quick jet question

So i've done a bunch of searches and seem to come up with conflicting info or info on different model years...... So just wondering if i could get some quick info.

What is the proper jetting for:

2005

RM 265

Full PC exhaust

32:1 fuel mixture.

Thanks, i know that you guys get a million jetting questions.

Oh, and the reason i ask is because i've never owned a 2 stroke before and i have no idea how a properly jetted 2T runs compared to one that isn't.

the last time i rode it was a little hard to start, i don't know if that was because of a fresh top end or the cold or poor jetting.

Bump.

all I can tell you is the stock jetting for an 05 RM250:

picture5y.jpg

And PC recommends these settings with PC exhaust, again for the 250:

168

48

NECJ, 3rd

air screw 1 turn

power jet 45

slide 7.0

I don't know what it would be for the 265, but all bikes are different, so I'd recommend reading through this jetting FAQ it's a good way to get a handle on jetting, it's pretty easy once you get into it:

http://www.thumpertalk.com/forum/showthread.php?t=412662

Good luck!

Maybe my question would be better answered if i asked how do i know if it's running lean, rich, or right on?????

i appologize but i know absolutely nothing about 2 stroke jetting.

OH, and why would PC recommend leaner jets? doesn't the exhaust system add more air which would make the bike run leaner? or is that only in 4 strokes?

2006 RM 250

Main:168

Pilot:48

Needle: NECJ

Needle Clip:3

Air screw:1 turn out

Power Jet:45 (45 is probably the stock size)

Slide: 7.0 (also probly stock)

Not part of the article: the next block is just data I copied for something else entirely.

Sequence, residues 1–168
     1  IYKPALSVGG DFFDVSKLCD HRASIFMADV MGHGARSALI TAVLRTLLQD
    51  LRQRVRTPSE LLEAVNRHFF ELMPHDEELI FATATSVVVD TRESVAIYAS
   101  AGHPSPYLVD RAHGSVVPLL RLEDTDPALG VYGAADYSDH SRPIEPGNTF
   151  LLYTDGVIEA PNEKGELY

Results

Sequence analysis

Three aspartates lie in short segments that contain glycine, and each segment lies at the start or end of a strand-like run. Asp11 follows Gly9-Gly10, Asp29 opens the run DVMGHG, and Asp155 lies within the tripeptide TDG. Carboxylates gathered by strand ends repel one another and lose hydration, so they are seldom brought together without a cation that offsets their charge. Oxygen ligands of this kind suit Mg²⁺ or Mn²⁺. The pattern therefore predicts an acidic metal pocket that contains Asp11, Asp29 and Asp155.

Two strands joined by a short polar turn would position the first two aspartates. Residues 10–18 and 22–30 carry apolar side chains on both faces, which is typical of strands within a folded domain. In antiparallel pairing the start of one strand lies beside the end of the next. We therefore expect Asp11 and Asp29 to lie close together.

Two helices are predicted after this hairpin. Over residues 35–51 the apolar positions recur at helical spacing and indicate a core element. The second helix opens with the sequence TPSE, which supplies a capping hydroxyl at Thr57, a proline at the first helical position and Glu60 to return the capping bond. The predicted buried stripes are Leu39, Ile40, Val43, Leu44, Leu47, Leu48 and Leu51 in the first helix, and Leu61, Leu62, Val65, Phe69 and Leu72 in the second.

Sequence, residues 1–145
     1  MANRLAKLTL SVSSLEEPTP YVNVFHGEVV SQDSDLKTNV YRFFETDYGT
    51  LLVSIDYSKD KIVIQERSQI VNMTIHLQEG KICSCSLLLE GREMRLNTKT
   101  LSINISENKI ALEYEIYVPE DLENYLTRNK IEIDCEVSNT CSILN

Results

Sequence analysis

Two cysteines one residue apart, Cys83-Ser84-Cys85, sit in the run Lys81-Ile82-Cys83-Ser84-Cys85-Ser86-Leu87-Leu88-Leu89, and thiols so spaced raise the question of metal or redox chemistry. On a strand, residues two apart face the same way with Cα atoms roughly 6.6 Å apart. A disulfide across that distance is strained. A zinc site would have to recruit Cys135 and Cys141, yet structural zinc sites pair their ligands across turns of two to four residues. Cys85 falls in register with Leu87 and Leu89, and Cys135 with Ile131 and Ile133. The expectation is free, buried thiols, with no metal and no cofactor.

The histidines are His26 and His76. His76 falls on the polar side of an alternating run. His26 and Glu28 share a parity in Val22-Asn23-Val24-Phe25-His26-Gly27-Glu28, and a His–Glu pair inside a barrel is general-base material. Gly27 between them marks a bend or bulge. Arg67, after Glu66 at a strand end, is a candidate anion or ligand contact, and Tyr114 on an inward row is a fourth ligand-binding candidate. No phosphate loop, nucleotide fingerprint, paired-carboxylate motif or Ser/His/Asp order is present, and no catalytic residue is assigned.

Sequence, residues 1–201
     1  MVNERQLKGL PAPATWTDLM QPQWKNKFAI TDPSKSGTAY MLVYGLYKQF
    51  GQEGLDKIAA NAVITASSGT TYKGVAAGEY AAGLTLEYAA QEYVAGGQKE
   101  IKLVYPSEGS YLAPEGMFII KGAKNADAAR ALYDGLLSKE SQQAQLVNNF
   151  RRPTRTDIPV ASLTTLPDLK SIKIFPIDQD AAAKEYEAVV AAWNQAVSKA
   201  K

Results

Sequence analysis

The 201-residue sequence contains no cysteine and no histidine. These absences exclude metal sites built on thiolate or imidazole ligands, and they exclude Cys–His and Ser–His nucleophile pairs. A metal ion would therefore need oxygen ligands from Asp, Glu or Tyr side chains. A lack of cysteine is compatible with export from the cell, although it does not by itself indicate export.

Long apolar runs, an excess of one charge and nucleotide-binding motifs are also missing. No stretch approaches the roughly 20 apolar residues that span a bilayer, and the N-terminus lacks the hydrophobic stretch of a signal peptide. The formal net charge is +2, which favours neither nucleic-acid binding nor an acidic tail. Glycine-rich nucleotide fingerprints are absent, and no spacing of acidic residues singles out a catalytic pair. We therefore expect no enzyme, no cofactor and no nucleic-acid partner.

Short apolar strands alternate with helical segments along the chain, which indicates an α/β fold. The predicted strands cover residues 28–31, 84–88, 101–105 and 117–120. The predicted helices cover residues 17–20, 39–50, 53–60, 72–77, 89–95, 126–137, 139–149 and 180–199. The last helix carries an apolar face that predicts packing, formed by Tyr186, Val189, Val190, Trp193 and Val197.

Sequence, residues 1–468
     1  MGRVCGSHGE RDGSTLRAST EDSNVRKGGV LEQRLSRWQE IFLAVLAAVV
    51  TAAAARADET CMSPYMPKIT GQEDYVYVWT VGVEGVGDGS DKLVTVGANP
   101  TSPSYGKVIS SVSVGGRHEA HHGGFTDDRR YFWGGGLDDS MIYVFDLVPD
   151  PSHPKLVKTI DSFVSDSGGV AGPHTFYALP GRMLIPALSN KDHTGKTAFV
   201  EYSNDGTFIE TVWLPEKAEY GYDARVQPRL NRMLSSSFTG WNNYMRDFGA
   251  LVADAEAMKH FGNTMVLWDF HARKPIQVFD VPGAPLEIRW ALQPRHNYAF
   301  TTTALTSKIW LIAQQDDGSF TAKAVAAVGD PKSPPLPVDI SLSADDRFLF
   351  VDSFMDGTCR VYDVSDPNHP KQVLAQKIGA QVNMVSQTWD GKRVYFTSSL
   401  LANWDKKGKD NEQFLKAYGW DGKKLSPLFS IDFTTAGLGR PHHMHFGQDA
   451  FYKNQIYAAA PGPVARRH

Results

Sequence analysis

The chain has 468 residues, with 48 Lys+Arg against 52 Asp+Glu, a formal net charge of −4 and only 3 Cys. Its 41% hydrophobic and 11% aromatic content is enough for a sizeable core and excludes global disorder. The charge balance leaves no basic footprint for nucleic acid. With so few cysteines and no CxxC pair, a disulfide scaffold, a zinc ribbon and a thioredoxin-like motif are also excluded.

These are Pro Circuits jet specs. I would assume these are baseline specs at sea level and 32;1 mix.

Maybe my question would be better answered if i asked how do i know if it's running lean, rich, or right on?????

i appologize but i know absolutely nothing about 2 stroke jetting.

I tried to find some good photos of some spark plugs to show you what a good jet set up should look like and also some photos of jetting conditions and what to look for. However, google let me down. I know on TT there is some threads over this subject, but I could not find them in my search. Sorry I tried.

What your shooting for is a nice coco brown center on your plug. Now even if it comes out coco brown, you need to pick out if it a dry coco brown (your close, but need to go up one more step on the main) or does it come out a wet coco brown (again close, but now we need to drop it just a little bit). Your plug should look coco brown (I know I said that already) but should have a very light glossy look to it. Now your on the money.

For the pilot jet, I really like to drop the jetting about 1 step lower than stock. I look for a clean ideal and crisp throttle responds when I blip the throttle. Bike runs clean out of the corners and wont load up on the starting gate.

I ride MX and do not ride trails very much at all (trees move on me). I do jet my bikes just a little on the rich side. We ride in deep sand most of the time and it really wears the bikes down. If your jetting for trails then I am not your man. I just cant set one up that lean.

OH, and why would PC recommend leaner jets? doesn't the exhaust system add more air which would make the bike run leaner? or is that only in 4 strokes?

Correct on the more air pull, but with more air comes more fuel. In other words with more volume of air being forced threw the carb, the more fuel is metered into the mix. So leaning down on the main for sure is required to compensate for the increased volume of flow produced by the new pipe.